The University of Wisconsin men's hockey team has been reeling, and pretty much backed into home ice for the opening rounds of the upcoming WCHA playoffs by losing four of its last five (and coughing up a two-goal lead in tying the fifth decision).
But with just 60 minutes of "playoff effort" and a little help from the Denver Pioneers, UW has got its swagger back and has landed its regular season plane in a healthy spot with great opportunity for postseason success.
The Badgers finished their regular season with 31 points in Western Collegiate Hockey Association play, tied with Colorado College for third place in the league. But because Wisconsin owned the tiebreaker between the two clubs, CC's tie against Denver late Saturday night wasn't good enough to vault the Tigers over the Badgers, and thus UW claimed the third seed for the playoffs.
That sets up an opening round matchup with Minnesota State-Mankato, and should the Badgers prevail in the best-of-three series at the Kohl Center next weekend, the No. 3 designation assures that Wisconsin will avoid the dreaded play-in game and head straight to the Final Five semifinals.
That notion obviously isn't lost on the Badgers.
"It's a memorable game in our season because of what it came down to," said goalie Shane Connelly, who made 38 saves Saturday night in UW's season-capping 4-1 win over North Dakota. "This puts us in a position to go out there and play, and skip the play-in game up at the Final Five. It's huge in terms of our psyche."
But standings and matchups aside, Saturday's victory served a greater importance; getting back that swagger that UW lost so quickly in the past two weeks when it was swept at home by Denver and then got just one point at Minnesota State, the upcoming opponent.
Then UW coughed up a one-goal, second-period lead on Friday night and had to watch the Fighting Sioux wrap up the MacNaughton Cup on its own ice sheet. So while Saturday's game was only one victory, Wisconsin will take whatever momentum comes with it heading into postseason play.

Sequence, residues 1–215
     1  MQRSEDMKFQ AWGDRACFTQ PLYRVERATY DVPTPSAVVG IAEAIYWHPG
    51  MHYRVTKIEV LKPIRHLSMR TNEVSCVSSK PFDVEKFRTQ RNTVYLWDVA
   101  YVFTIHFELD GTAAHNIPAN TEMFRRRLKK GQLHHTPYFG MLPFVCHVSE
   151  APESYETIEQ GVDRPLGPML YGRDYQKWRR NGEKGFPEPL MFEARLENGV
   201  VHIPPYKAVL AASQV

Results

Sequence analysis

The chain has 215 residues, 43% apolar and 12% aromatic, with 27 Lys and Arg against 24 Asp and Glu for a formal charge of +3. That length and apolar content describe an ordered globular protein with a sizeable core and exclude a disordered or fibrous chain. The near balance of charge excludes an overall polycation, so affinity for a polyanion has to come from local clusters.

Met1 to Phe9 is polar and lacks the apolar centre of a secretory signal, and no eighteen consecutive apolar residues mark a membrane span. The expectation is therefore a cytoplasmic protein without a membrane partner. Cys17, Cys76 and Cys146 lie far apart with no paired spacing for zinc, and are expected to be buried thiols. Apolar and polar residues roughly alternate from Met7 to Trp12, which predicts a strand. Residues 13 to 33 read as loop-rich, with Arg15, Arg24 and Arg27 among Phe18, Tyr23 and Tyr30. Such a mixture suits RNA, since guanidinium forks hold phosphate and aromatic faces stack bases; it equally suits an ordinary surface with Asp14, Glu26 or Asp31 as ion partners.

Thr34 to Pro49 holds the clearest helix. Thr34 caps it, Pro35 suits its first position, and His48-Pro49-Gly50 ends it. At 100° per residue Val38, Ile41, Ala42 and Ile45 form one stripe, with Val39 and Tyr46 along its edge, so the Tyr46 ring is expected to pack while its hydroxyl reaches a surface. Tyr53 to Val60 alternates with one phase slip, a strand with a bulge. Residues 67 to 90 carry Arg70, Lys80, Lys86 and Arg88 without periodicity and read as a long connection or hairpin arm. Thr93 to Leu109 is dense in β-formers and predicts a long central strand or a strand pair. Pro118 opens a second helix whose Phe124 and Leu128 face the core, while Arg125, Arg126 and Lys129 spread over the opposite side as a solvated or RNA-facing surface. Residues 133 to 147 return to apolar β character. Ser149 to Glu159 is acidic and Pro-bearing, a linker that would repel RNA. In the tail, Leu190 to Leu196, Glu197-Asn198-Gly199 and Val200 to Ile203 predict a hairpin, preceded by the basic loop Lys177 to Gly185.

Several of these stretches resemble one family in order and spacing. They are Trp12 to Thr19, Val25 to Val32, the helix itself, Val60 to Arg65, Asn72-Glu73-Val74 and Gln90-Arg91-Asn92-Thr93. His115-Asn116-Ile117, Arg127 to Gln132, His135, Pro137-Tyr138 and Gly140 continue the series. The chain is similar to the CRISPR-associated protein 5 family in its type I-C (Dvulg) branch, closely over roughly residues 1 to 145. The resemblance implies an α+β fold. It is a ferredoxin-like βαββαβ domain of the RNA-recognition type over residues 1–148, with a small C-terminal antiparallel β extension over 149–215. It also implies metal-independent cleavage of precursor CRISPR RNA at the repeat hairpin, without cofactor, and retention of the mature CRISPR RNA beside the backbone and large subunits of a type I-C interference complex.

"We take a look at the quality of the hockey over the last six games that we've had, and in that time frame, we've played some pretty good hockey," UW coach Mike Eaves said. "We ran into some tough breaks, not getting the timely goal or the timely save, but tonight kind of set us up a little bit for the playoffs.
"Last night's game was a playoff game, and tonight we needed a playoff effort and got the result that we wanted with that effort," Eaves added. "That sets us up well for next week."
Wisconsin also got large contributions from some lesser-known sources, particularly critical in the absence of junior center and co-captain Blake Geoffrion who sat out the weekend with a knee injury.
Junior winger Ben Grotting notched one goal on each night, and played with great intensity all weekend long, earning him the "Hard Hat" award for hardest-working player by his teammates.
"Humongous weekend for Ben," Eaves said. "We double-shifted him, (he was) killing penalties, (and he) played with great energy. I think Ben is showing that he has another level inside him too. His ability to play this weekend was a statement of how he physically led by the way he played, and the guys recognized that with the ‘Hard Hat'."
But Saturday night belonged to freshman center Derek Stepan, who may be emerging as a budding star. Stepan scored not one, but two shorthanded goals to bust loose a one-all tie … and he scored them 102 seconds apart, on the same penalty kill.
Stepan capped his remarkable rookie regular season with eight goals and 22 points; his 30 points rank second on the team behind defender Jamie McBain. He and junior Andy Bohmbach, who assisted on both shorthanded goals, provided UW with an offensive spark that was otherwise missing with Geoffrion shelved.
"Blake's one of those guys that plays hard every single night, and collectively as a team, we all decided everyone needed to step up," Stepan said. "Some guys got extra opportunities, but as a team, everyone needed to step up their game."
Asked about Stepan's development, Eaves made a startling comparison to a former Badger who led Wisconsin in scoring during its 2006 national title season.
"I know I'm putting pressure on him, but he (reminds me of) Joe Pavelski. He reminds me of his ability to be perceptive on the ice and yet still do the things that he wants," Eaves said. "He has a real perceptive hockey mind, he has a good hockey IQ, and he's got a skill set to go along with that."